|Goens et al. No. 1 Wabense, Gen. NE NW sec. 3, T. 8 S., R. 14 E.||Thickness
|Topeka limestone (35 feet)|
|Soft gray dense limestone||35||705-740|
|Calhoun shale (30 feet)|
|Soft gray and greenish-gray shale||30||740-770|
|Deer Creek limestone (40 feet)|
|Gray dense to coarsely crystalline limestone||23||770-793|
|Soft gray shale||7||793-800|
|Gray dense to coarsely crystalline limestone||10||800-810|
|Tecumseh shale (65 feet)|
|Very soft greenish-gray shale||65||810-875|
|Lecompton limestone (39 feet)|
|Soft gray crystalline limestone||8||875-883|
|Soft dark-gray shale||17||883-900|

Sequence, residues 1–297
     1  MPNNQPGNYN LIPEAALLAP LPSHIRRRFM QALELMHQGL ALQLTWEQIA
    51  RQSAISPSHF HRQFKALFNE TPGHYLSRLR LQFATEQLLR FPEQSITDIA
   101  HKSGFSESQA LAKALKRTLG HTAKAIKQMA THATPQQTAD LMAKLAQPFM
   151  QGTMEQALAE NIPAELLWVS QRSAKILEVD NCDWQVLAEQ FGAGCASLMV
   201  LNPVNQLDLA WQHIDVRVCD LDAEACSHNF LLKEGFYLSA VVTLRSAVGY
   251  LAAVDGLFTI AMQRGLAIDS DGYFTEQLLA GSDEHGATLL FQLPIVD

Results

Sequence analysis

|Buff and gray crystalline limestone||14||900-914|
|Kanwaka shale (66 feet)|
|Soft gray shale||40||914-954|
|Buff crystalline limestone||3||954-957|
|Soft gray shale||23||957-980|
|Oread limestone (80 feet)|
|Gray to buff finely crystalline limestone||42||980-1,022|
|Soft gray shale||13||1,022-1,035|
|Gray sandy limestone, buff crystalline limestone||25||1,035-1,060|
The Shawnee group is 375 feet thick in the Manhattan Oil Company No. 1 Steinmeyer well in the NE cor. NW SW sec. 11, T. 13 S., R. 10 E., Wabaunsee County, and the section is very similar to that in the Wabense well. The Steinmeyer section is given for comparison.
|Manhattan Oil Co. No. 1 Steinmeyer, NE cor. NW SW sec. 11, T. 13 S., R. 10 E.||Thickness
|Topeka limestone (40 feet)|
|Calhoun shale (40 feet)|
|Deer Creek limestone (60 feet)|
|Tecumseh shale (35 feet)|
|Lecompton limestone (55 feet)|
|Kanwaka shale (35 feet)|
|Oread limestone (110 feet)|